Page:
This week I want to continue to look at some of the states that should see an uptick in small bank M&A activity. A Barron's article earlier this year identified five states that the editors thought should see increased activity due to the number of banks, valuation and economic activity.
Today I want to take a look at Pennsylvania, my father's home state and still home to a whole bunch of Melvins in the Philadelphia area. Of course it is also home to the Pittsburgh Steelers -- no place can be perfect.
My portfolio is heavy with Pennsylvania-based banks, and I expect to see consolidation activity there begin to accelerate in the second half of 2015 and well into 2016. It is a big state, with a very diverse economy, and there are a ton of opportunities in the banking sector.
The state's banks face the same challenges as everyone else does across the industry right now. The new edition of the Pennsylvania Association of Community Bankers has an article discussing the challenges facing the industry and lists the big three as low net interest rate margins, costs including technology, and regulatory changes. It is the same across the United States and it leaves smaller banks with two choices: find a way to grow in a very difficult environment, or put your bank up for sale.
ESSA Bancorp (ESSA) has been one of my favorite Pennsylvania-based banks for some time. The Poconos area bank has decided that the way to face the obstacles is to grow by acquisition. Earlier this year, it bought a bank that allowed it to expand into the Scranton and Wilkes-Barre markets, and this week it announced it was buying Eagle National Bank in the Western Philadelphia market.
I am a big fan of CEO Gary Olson, and would not want to bet against the bank achieving the scale needed to not only remain independent but to continue to grow in the years ahead. The stock is still cheap at 93% of book value, and management have been opportunistically buying back stocks. At today's price, the yield is 2.8%, so you enjoy decent dividend while the price works higher over time.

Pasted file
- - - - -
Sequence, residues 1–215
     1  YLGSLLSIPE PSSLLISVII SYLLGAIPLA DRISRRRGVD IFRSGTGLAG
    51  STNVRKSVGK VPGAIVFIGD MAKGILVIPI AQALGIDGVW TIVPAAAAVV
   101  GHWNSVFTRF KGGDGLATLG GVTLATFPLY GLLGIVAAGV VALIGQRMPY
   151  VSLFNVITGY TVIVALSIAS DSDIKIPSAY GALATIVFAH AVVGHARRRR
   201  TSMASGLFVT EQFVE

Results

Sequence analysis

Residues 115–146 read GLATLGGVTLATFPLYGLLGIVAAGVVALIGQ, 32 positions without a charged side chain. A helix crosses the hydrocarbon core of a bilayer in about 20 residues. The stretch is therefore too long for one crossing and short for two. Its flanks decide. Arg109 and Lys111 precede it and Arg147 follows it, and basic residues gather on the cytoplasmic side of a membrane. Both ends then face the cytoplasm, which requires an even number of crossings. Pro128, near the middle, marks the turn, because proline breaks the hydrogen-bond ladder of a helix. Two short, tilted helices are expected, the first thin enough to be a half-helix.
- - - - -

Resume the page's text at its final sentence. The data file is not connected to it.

Prudential Bancorp (PBIP) is another long-time Pennsylvania bank holding. The bank is located in Philadelphia and focuses primarily on South Philly and Center City as well as Delaware County. Prudential did its first step conversion in 2012, and completed a second step in 2013. The bank isn't eligible for takeover until 2016 because of the change in control provisions of thrift conversion regulations, but once the restrictions are removed it should be a very favorable target.
In the meantime, this is a well-run little bank that is shareholder friendly, too. It is actively buying back stock and recently paid a special dividend on top of the regular quarterly payout. The shareholder list is full of bank stock specialists and activists who will expect a decent return on their investment over time. I like the bank at the current level of 1.1x book value. I would like it even more if the stock would pull back below book in a market downturn.
Polonia Bancorp (PBCP) also operates in the Philadelphia market, and I do not think that this bank has very much more time as an independent bank. Earlier this year, activist shareholder Lawrence Seidman said that in his opinion, "based upon publicly available information, a sale of the Issuer, subject to applicable regulatory restrictions, would be the best way to maximize shareholder value."
Between them, the three best-known bank stock activists -- Mr. Siedman, Joseph Stilwell and PL Capital -- own more than 20% of Polonia, while bank stock specialists who would be inclined to support an activist-inspired proxy fight own close to an additional 20%, so I suspect we will see a sale of this bank sooner rather than later.
With the shares trading at 95% of book value and takeover premiums hovering around 135% of book, there is still pretty good upside potential in the shares. Polonia's conversion to a stockholder-owned institution was done in November of 2012, so they will eligible for change of control in November of this year.
The trade of the decade in small bank stocks is very much alive and well, and breaking it down by state can help us further refine and identify those stocks likely to benefit from the consolidation activity.